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12.6.

2003 EN Official Journal of the European Union C 137 E/83

(2003/C 137 E/093) WRITTEN QUESTION E-2409/02


by Bob van den Bos (ELDR) to the Council

(7 August 2002)

Subject: Sudan

On 20 July 2002, an agreement of principle designed to lead to a cessation of hostilities was concluded in
Kenya between the Sudan Government and the Sudan People’s Liberation Army (SPLA). This will put an
end to the civil war which has been raging for 19 years and which has cost the lives of some two million
people.

What is the Council’s assessment of the agreement of principle?

What implications does the agreement have for relations between the European Union and Sudan?

Will the arrangements for EU assistance to Sudan be strengthened thereby? If so, how?

Reply

(6 February 2003)

The European Union welcomed the agreement reached between the Government of Sudan (GoS) and the
SPLM/A in Machakos (Kenya) on 20 July 2002 on the most contentious issues, namely the right of self-
determination for the people of South Sudan as well as the question of state and religion. The EU urged
both parties to the conflict in Sudan to adhere to the agreement and to continue negotiations with a view
to accomplishing a comprehensive peace agreement. It acknowledged the crucial role external partners
played in making the result come through and confirmed its strong support in particular for the IGAD
process and Kenya’s facilitative role therein (Declaration by the Presidency on behalf of the EU published
on 23 July).

Despite the resumption of peace negotiations on 12 August a number of military actions continued in the
southern part of Sudan and when SPLM/A forces seized the strategic town of Torit on 1 September
government negotiators suspended talks on 2 September and were called back to Khartoum. In reaction to
this event, the Presidency, on behalf of the EU, issued a further declaration on 5 September expressing
deep concern over the suspension of the Machakos peace negotiations. The EU, in full support of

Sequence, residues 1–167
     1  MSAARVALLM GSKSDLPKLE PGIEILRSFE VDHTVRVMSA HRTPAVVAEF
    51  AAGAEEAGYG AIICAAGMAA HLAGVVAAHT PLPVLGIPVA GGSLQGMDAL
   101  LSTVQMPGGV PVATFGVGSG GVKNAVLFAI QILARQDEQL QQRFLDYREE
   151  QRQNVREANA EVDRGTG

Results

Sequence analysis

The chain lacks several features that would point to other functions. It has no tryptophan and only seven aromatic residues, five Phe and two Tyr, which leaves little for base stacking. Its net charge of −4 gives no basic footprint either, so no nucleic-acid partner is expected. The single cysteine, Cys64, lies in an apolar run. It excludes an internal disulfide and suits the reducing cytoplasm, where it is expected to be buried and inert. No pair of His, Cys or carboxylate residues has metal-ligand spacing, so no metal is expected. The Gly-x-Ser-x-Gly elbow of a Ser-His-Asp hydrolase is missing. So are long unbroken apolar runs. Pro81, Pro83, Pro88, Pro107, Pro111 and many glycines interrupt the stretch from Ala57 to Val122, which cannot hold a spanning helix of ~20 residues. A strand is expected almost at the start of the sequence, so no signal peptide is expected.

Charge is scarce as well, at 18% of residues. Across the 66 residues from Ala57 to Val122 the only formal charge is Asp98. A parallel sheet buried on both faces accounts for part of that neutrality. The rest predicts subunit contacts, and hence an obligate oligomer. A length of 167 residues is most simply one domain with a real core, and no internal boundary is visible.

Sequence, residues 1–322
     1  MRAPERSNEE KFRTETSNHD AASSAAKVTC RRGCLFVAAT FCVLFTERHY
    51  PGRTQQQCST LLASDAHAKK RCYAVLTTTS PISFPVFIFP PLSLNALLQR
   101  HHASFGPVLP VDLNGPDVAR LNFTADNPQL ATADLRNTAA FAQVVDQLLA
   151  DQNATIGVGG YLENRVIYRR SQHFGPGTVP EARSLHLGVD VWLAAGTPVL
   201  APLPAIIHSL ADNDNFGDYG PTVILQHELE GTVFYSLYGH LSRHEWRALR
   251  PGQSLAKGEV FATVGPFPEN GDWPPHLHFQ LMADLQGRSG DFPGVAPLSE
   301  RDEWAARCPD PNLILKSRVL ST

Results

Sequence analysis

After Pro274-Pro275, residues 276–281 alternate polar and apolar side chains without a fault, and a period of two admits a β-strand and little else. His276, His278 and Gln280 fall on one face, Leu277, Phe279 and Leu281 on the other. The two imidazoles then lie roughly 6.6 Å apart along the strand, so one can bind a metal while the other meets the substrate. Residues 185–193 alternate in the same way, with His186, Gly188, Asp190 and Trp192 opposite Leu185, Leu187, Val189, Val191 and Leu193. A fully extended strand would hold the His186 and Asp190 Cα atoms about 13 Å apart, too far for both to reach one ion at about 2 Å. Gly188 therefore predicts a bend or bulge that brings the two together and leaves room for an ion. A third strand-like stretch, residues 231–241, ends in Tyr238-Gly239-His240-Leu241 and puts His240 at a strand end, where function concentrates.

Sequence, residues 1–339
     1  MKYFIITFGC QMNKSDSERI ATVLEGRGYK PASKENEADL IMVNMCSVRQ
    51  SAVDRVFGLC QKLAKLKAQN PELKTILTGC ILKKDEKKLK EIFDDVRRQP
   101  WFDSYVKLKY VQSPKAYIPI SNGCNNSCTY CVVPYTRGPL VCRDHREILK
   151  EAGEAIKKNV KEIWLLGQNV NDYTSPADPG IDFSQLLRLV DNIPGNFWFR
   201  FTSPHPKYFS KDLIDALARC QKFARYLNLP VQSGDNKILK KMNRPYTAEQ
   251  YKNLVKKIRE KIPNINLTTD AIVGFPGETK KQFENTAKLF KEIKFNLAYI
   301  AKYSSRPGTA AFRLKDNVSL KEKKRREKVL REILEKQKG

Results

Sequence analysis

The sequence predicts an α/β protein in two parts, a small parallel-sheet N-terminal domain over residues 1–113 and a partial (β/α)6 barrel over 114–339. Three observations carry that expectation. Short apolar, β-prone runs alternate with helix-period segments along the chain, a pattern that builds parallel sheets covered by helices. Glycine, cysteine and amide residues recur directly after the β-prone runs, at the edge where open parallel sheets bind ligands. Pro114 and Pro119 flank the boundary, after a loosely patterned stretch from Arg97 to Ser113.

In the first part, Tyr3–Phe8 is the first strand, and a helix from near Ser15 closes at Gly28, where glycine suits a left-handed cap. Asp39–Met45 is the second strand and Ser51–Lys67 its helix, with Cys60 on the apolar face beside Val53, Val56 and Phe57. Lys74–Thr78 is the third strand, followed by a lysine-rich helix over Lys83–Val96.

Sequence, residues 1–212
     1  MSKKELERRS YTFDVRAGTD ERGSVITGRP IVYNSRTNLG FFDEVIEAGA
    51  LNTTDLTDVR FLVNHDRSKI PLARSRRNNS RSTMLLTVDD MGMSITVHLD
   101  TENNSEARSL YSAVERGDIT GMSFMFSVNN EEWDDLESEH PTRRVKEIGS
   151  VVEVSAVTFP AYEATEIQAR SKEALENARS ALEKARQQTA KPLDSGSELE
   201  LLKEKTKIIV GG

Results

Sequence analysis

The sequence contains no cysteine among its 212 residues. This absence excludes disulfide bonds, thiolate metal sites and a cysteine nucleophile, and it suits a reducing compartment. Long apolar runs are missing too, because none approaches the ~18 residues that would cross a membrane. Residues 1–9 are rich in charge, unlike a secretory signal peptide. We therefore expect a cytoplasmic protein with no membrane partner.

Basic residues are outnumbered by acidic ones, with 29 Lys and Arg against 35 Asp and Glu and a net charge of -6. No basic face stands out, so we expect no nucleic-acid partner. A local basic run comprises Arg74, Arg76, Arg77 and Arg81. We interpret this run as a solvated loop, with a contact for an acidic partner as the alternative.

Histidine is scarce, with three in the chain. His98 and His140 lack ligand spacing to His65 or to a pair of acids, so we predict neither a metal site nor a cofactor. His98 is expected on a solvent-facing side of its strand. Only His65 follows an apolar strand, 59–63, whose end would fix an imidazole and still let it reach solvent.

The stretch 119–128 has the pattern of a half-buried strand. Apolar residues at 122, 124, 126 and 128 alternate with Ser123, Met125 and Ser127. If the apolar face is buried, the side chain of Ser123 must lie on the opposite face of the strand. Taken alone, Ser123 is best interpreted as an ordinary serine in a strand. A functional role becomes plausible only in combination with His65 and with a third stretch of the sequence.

international efforts to bring both parties back to the negotiation table, underlined the consequences of a
complete breakdown in the peace process and the costs in terms of further human loss, economic
standstill and stunted development.

The Machakos peace talks between the GoS and the SPLM resumed on 14 November 2002. However,
despite the fact that a Memorandum of Understanding was signed on the cessation of hostilities on
15 October 2002, hostilities have broken out again in East Sudan, although that has not prevented the
negotiations from continuing.

In a declaration on 6 November 2002 on unimpeded access for humanitarian aid in Sudan, on behalf of
the European Union the Presidency welcomed the signing of that memorandum, which commits both
parties to providing unimpeded access for humanitarian aid to all areas and to all people in need. It has
continued to give its unreserved support to the IGAD peace process and applauded the critical role played
by Kenya in that process.

The Union considers that the humanitarian situation in Sudan remains dire, especially in areas that have
long been denied humanitarian aid. As the donor community stands ready to support the United Nations
and its partners in ensuring the provision of unhindered access for humanitarian aid throughout Sudan,
including carrying out needs and security assessments, it has underscored the importance of ensuring the
safety and security of all humanitarian workers as humanitarian programmes are expanded throughout
Sudan.